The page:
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No. 07-1010
District of Colorado


(D.C. No. 06-CV-00756-ZLW)


Before BRISCOE, McKAY, and McCONNELL, Circuit Judges.

Plaintiff C. Eli-jah Hakeem Muhammad, a.k.a. Christopher Mitchell, is currently incarcerated at ADX Florence. On April 11, 2006 Mr. Mitchell submitted a pro se Prisoner Complaint pursuant to Bivens v. Six Unknown Named Agents of Fed. Bureau of Narcotics, 403 U.S. 388 (1971), and to 28 U.S.C. § 1331. The complaint, as amended, asserted twelve claims for relief, consisting of retaliation, conspiracy, and denial of access to the courts. The district court dismissed all twelve claims as frivolous. We agree that these claims fail to assert a constitutional violation and affirm the dismissal. We also deny leave to proceed in forma pauperis.

An action is frivolous under § 1915(e)(2)(B) if "the claim [is] based on an indisputably meritless legal theory or if it is founded on clearly baseless factual contentions." Schlicher v. Thomas, 111 F.3d 777, 779 (10th Cir. 1997) (internal quotations omitted). We review a district court's dismissal for frivolousness under § 1915(e)(2)(B) for abuse of discretion. Conkle v. Potter, 352 F.3d 1333, 1335 n.4 (10th Cir. 2003). In doing so, we accept Mr. Mitchell's allegations as true and consider all reasonable inferences in the light most favorable to him. Perkins v. Kansas Dep't of Corr., 165 F.3d 803, 806 (10th Cir. 1999). Additionally, we construe Mr. Mitchell's complaint liberally because he is proceeding pro se. Id.

Claims One, Five, Seven, Eight, Nine, and Ten of Mr. Mitchell's appeal assert a denial of access to the courts because Mr. Mitchell was not given carbon paper or access to photocopying equipment free of cost in connection with his litigation. Photocopy access is not an independent constitutional right, but exists only where necessary to the prisoner's right to seek legal redress. See Carper v. DeLand, 53 F.3d 613, 616-17 (10th Cir. 1995) ("a state has no affirmative constitutional obligation to assist inmates in general civil matters"); Jones v. Franzen, 697 F.2d 801, 803 (7th Cir. 1983) ("[T]he right to Xerox" exists for the purpose of filing court documents where duplication is required). Mr. Mitchell has refused to provide evidence of any meaningful legal need for copies or carbon paper. Without a showing of need for copies or a resulting harm, these claims are without merit. See Lewis v. Casey, 518 U.S. 343, 349 (1996).

In Claim Two, Mr. Mitchell asserts that Mr. Madison, a prison official, deliberately destroyed his BP-8 complaint form regarding his missing property. However, because Mr. Mitchell was untimely in the filing of his grievance, the district court held that Claim Two is procedurally barred for failure to exhaust administrative remedies. Appellant offers no argument why that conclusion is erroneous.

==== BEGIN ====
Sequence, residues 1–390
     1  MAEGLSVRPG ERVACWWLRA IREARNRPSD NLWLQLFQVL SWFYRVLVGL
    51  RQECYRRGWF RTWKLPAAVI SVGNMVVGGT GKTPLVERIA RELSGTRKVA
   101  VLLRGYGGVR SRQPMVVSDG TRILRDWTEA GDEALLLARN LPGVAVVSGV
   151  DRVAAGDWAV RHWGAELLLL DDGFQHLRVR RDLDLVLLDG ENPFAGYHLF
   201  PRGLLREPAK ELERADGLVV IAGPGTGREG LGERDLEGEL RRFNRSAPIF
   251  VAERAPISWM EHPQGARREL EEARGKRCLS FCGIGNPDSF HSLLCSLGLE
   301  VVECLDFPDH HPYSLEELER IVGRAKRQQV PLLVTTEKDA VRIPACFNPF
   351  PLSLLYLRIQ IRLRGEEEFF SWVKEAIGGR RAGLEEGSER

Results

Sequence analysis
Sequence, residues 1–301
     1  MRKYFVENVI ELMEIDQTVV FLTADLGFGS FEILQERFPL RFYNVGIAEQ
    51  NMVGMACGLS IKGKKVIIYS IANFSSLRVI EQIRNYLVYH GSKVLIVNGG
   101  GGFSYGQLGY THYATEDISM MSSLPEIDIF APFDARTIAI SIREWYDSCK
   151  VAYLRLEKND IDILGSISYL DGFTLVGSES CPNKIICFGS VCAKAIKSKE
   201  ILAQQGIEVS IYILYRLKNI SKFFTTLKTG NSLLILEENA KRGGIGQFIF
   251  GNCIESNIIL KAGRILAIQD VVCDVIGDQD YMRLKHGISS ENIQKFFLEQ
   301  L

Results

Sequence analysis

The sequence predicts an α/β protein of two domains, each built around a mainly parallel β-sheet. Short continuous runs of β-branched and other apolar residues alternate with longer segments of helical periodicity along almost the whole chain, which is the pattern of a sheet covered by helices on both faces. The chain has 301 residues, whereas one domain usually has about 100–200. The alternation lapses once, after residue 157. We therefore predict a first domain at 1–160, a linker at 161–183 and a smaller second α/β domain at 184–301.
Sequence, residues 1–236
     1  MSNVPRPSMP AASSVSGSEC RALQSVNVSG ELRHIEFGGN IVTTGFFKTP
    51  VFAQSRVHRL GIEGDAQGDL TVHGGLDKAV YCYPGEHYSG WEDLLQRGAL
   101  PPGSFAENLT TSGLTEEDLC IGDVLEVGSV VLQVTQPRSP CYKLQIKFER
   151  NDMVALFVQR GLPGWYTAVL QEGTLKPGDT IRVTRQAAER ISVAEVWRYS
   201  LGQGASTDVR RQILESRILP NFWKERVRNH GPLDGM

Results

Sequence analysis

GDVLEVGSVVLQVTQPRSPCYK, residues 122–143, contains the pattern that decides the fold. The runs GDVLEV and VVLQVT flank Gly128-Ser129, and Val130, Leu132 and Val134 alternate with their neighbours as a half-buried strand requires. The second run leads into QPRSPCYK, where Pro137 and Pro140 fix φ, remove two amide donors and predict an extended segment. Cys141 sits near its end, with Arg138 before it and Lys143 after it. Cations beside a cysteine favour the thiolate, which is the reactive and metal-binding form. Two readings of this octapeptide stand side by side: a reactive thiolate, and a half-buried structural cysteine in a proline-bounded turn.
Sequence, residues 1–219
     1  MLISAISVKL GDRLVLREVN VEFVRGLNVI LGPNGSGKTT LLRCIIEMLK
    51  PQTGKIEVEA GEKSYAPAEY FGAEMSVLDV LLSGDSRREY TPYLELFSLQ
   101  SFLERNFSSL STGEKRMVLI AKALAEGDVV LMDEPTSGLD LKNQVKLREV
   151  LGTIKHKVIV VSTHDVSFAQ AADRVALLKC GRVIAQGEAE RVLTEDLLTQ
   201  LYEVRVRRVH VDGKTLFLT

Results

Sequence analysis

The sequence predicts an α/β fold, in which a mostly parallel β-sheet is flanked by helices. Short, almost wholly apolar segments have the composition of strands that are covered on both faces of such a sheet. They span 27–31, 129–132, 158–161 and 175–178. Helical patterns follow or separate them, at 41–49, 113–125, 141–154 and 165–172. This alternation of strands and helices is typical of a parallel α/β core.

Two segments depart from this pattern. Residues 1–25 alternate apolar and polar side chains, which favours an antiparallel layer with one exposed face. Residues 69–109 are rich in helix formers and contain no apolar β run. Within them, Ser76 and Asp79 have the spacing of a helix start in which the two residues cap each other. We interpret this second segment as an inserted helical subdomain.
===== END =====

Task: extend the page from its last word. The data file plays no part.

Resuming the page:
In Claim Three, Mr. Mitchell alleges in general terms that he was denied access to the Unit Satellite Law Library. Mr. Mitchell fails to allege that he was actually impeded in his access to the courts in any specific case, or that being blocked from using the library resulted in actual harm, as is required to set forth a claim of a constitutional violation. See Casey, 518 U.S. at 349.

Mr. Mitchell asserts in Claim Four that he was denied access to a paralegal prisoner, resulting in a denial of access to sufficient legal facilities. The record shows, however, that Mr. Mitchell was not denied access to all paralegal prisoners, but only to one specific paralegal. R., Doc. 3-2, at 33; see R., Doc. 14-2 at 9-14. There is no assertion that this precluded Mr. Mitchell from pursuing his legal claims.

In Claims Five, Six, and Twelve, Mr. Mitchell asserts that he was denied access to the courts when prison officials refused to provide postage stamps free of charge. "This Court has held that inmates do not have an unlimited right to free postage. . . ." Harrell v. Keohane, 621 F.2d 1059, 1061 (10th Cir. 1980). Because the record shows that Mr. Mitchell had sufficient funds in his prison account to pay for stamps, R., Doc. 14-3, at 22, prison officials were not required to provide them for free.

In Claim Eleven Mr. Mitchell states that prison official Madison confiscated legal materials, but he does not state what these legal materials may be or how the alleged confiscations affected his access to courts. The district court was therefore correct to dismiss this claim.

Accordingly, the judgment of the United States District Court for the District of Colorado is AFFIRMED. Appellant's motion to proceed in forma pauperis is DENIED, and we remind Mr. Mitchell of his responsibility to pay the

appellate filing fee in full. Appellant's "Application for Writ of Mandamus" is DENIED.

Entered for the Court,

Michael W. McConnell

Circuit Judge

Click footnote number to return to corresponding location in the text.

*.After examining the briefs and appellate record, this panel has determined unanimously that oral argument would not materially assist in the determination of this appeal. See Fed. R. App. P. 34(a)(2); 10th Cir. R. 34.1(G). This case is therefore submitted without oral argument. This order and judgment is not binding precedent, except under the doctrines of law of the case, res judicata, and collateral estoppel. It may be cited, however, for its persuasive value consistent with Fed. R. App. P. 32.1 and 10th Cir. R. 32.1.

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